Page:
Understanding Factors Related with Cheating in Sport: What We Know and what is Worth Future Consideration

Beatričė Sipavičiūtė, Saulius Šukys

Abstract


Background. Over the past decade, there has been an increase in scholars’ attention to moral behaviour in sport. Recently more studies have been dealing with cheating with a special focus on doping. The aim of this study was to provide an overview of research focusing on cheating in sport. Specifically, the purpose was to critically analyse research on personal and social factors which have been associated with an intension to cheat and cheating behaviour.

Methods. Scientific research analysis on social environment factors related with cheating was carried out by focusing on personal and social environmental factors related with athletes’ attitudes towards, intention and cheating behaviours.

Results. Moral identity is an important factor for cheating in sport and intention to use doping. A negative relation was found between moral values of athletes and doping likelihood. Also, when athletes perceive their goal only as winning the game (goal-oriented rather than task-oriented), they are more likely to cheat. Furthermore, recent studies have found the relationship between the Dark Triad (Machiavellianism, narcissism, and psychopathy) and the use of doping in sport. Moreover, perfectionism involves positive attitudes towards doping and actual use of doping. Also, there is evidence that moral values relate with athletes’ cheating and gamesmanship. Some social environment factors related with motivational climate created by the coach and parents. Coaches and parents created an ego-oriented climate associated with young athletes’ positive attitudes towards cheating.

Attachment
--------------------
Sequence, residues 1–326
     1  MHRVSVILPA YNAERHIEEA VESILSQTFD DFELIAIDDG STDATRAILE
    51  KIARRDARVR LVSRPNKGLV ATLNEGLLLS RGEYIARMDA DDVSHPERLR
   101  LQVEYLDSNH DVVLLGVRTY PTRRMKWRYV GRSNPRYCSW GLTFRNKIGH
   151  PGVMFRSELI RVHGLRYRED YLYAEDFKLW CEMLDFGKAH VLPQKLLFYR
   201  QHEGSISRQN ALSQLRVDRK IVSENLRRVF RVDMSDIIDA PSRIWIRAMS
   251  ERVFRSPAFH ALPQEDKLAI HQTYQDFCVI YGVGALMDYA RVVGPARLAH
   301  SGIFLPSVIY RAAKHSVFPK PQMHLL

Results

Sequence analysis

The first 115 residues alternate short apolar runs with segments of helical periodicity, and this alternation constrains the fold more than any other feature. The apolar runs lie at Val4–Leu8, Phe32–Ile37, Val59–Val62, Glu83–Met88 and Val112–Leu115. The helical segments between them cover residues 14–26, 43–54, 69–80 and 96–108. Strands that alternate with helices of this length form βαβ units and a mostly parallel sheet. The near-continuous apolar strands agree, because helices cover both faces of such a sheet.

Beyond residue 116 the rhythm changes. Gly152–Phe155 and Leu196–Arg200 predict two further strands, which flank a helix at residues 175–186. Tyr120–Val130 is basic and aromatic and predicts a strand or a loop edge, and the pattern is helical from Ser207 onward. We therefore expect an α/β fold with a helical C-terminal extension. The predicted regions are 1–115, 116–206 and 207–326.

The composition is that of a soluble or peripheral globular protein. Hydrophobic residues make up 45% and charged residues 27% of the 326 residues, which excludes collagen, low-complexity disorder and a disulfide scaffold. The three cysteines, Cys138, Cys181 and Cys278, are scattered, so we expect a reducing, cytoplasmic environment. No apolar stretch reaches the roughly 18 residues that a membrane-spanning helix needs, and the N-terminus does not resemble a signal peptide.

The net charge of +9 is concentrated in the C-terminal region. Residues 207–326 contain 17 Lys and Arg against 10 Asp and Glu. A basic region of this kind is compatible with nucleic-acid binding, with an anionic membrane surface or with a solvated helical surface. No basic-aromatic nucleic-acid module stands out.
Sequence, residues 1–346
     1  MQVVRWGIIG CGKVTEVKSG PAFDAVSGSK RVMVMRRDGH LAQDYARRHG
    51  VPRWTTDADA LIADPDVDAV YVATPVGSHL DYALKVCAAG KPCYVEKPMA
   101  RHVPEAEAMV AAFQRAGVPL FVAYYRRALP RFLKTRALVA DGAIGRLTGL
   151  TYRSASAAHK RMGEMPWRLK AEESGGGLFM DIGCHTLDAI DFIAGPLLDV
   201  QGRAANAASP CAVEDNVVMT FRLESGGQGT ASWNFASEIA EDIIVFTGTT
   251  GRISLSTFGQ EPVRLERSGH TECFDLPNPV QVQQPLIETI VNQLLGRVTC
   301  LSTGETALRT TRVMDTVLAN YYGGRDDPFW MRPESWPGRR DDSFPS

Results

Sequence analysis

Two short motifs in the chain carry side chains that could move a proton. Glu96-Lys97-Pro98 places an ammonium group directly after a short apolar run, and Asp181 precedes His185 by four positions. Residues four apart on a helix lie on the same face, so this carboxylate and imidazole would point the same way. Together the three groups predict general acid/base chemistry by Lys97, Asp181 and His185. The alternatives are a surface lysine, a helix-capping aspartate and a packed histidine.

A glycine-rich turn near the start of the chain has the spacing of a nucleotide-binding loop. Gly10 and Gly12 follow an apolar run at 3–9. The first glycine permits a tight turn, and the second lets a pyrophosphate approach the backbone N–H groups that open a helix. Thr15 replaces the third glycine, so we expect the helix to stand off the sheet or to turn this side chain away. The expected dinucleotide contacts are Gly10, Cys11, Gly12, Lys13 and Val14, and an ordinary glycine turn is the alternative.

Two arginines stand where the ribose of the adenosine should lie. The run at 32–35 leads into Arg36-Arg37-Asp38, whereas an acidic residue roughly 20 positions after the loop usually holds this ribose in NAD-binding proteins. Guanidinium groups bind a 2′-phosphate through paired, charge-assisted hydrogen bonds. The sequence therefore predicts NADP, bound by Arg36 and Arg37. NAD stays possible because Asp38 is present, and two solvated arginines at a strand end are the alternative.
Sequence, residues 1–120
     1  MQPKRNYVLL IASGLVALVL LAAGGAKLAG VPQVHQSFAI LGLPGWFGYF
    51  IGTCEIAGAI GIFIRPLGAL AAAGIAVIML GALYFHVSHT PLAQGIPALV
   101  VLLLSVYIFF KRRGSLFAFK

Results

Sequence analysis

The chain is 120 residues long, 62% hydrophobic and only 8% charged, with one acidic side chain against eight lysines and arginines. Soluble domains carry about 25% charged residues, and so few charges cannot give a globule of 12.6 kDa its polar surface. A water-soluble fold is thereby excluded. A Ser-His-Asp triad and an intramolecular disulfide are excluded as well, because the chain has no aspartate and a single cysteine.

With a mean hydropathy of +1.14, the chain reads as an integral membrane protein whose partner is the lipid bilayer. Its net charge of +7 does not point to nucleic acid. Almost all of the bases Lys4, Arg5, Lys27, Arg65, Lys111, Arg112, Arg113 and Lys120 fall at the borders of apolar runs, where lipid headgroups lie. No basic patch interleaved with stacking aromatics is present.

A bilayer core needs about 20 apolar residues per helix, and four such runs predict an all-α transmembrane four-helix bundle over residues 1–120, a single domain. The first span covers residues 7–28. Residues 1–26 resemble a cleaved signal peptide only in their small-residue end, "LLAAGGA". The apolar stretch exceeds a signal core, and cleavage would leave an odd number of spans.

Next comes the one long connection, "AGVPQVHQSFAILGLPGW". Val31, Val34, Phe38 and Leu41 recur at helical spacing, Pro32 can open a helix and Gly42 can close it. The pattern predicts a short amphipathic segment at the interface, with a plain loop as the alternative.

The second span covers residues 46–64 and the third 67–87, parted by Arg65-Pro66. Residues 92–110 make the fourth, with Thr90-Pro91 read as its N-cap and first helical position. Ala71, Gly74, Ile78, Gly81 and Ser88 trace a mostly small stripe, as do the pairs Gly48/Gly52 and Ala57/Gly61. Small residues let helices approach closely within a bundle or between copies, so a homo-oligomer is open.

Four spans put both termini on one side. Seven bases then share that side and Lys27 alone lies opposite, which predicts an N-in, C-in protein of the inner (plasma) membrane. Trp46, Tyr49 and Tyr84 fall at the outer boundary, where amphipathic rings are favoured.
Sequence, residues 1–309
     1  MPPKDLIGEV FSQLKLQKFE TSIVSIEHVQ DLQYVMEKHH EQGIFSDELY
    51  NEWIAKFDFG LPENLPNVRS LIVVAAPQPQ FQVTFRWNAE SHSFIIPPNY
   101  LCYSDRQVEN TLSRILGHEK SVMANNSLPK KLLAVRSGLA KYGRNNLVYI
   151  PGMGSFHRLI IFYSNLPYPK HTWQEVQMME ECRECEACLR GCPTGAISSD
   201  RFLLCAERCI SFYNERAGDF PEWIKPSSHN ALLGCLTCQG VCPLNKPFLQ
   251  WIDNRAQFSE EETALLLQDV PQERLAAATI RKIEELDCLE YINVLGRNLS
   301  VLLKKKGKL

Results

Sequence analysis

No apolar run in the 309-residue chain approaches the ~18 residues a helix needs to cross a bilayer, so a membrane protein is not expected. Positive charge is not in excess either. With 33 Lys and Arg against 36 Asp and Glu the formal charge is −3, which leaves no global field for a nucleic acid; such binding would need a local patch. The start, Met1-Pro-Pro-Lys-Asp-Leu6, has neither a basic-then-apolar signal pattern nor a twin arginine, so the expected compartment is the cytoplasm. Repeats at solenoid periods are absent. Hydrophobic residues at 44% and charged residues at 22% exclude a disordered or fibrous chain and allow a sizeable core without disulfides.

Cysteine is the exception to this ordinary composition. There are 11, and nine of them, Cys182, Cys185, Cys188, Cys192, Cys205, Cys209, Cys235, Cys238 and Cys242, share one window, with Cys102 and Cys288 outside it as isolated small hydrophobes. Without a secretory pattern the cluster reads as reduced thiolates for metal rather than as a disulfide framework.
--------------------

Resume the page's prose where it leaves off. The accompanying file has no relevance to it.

Conclusion. Athlete’s intention to cheat or actual behaviour is determined by both athlete’s personality and social environment context. The article also provides considerations of directions for future research with special attention to cultural differences.

Keywords: cheating, doping, moral identity, motivational climate, personality traits.


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DOI: https://doi.org/10.33607/bjshs.v4i115.821